The thing about Jim was that he never rested on his past success.  He was always experimenting with what came next; constantly evolving and innovating… pivoting.

Musicians are some of the best entrepreneurs I know.  A perfect combination of the pursuit of a passion with the need to share it with the world.

Thanks for the music Jim!


Blogging Gazzelle is published daily by Shawn Carson

“Entrepreneurship is NOT normally distributed” – Rob Wiltbank

The statistics on venture investment suggest that 2% or less of startups are “successful”.  But that’s for those actually looking for equity based funding.  The coming of crowd funding is changing that and it’s true that most startups get traction by bootstrapping.

But the fundamental nature of entrepreneurship seems to defy analysis.  Entrepreneurs find a problem in need of a solution and are able to provide that solution to someone who is willing to pay for it.

We have a guy who teaches gun safety.  People come to his classes and have to load their guns by holding them under their arms or in worse places.  So he invented a folding table specifically designed for that purpose.  He had a few made and now others are asking for them.  It’s not the next Apple and he likely will not show up in an HBR article.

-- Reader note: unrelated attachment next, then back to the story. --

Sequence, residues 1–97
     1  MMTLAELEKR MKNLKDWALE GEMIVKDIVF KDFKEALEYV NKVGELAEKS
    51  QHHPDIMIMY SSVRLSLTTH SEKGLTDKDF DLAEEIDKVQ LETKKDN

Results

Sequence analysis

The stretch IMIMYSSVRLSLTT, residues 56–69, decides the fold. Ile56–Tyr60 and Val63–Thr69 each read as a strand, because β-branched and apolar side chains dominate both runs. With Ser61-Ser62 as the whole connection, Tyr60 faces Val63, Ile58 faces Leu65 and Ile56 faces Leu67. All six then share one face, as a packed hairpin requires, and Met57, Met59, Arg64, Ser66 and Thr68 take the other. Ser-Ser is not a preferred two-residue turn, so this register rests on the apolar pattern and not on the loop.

But he IS an entrepreneur!

Rob Wiltbank spoke at the 2013 SSTI Conference in Portland

“A market is never saturated with a good product, but it is very quickly saturated with a bad one.” – Henry Ford

Henry Ford may not have invented the automobile but he certainly did innovate a way to put it in the hands of the masses.  The vision was a car in every driveway.  Until that time, it was a high tech toy for the wealthy.  His innovation was the assembly line and a design that met the MVP, (Minimally Viable Product)… you know, any color you want as long as it’s black.

Of course eventually, the stakes were raised.  As more people owned cars, their expectations for features and comfort increased.  The moral here is you can never stop innovating because eventually competition will catch you.

Entrepreneurs have a knack for finding crappy products or crappy situations and making a better way.  People will always buy what they think is a great product.